Here, too, the Good Shepherd gives his whole life to the sheep. He cares for them, shows them the way, makes sure that they are not hungry, that they are safe, he searches for them when they get lost. He protects the sheep from wolf giving his life for them.
Who are the sheep? WE ARE THE SHEEP!
Sheep are the people who are called by name to find the Good Shepherd present in the bread and wine.
One sheep has a special role. This person is the priest. His mission is to proclaim the words of Jesus. The priest prayers Jesus’ word over the bread:
„Take and eat ,
this is my Body
which is given for you.”
and over the wine:
Take and drink,
this is my Blood
which is poured for you.
“That means that in the bread and the wine I give you my whole self; I am the Good Shepherd I give my life for my sheep”.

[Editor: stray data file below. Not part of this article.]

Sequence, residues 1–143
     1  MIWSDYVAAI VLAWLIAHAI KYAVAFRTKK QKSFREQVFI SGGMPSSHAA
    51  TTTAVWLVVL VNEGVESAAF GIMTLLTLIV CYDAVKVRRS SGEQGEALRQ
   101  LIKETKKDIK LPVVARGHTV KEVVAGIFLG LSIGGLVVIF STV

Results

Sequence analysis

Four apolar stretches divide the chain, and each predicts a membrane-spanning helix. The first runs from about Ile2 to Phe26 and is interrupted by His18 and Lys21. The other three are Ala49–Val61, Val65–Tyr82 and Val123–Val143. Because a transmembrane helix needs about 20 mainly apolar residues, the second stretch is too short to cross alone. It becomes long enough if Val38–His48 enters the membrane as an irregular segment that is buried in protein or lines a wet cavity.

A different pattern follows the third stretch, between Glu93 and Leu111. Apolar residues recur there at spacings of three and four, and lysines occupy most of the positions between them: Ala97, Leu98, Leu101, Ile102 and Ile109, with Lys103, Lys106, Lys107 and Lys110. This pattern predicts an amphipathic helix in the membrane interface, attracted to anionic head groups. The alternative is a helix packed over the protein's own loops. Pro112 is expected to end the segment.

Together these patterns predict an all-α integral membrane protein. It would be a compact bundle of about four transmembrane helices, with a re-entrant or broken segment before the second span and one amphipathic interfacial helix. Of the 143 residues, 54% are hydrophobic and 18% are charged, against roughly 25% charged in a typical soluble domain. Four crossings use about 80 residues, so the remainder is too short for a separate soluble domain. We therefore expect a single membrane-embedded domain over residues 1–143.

Children make figures of people and replace the sheep with the people. Remember to make a figure of the priest.
Invite children to draw in response to what they have heard.
Below is the teaching from the Catechism of the Catholic Church:
II. THE CHURCH - BODY OF CHRIST
The Church is communion with Jesus
787 From the beginning, Jesus associated his disciples with his own life, revealed the mystery of the Kingdom to them, and gave them a share in his mission, joy, and sufferings. 215 Jesus spoke of a still more intimate communion between him and those who would follow him: "Abide in me, and I in you. . . . I am the vine, you are the branches."216 And he proclaimed a mysterious and real communion between his own body and ours: "He who eats my flesh and drinks my blood abides in me, and I in him." 217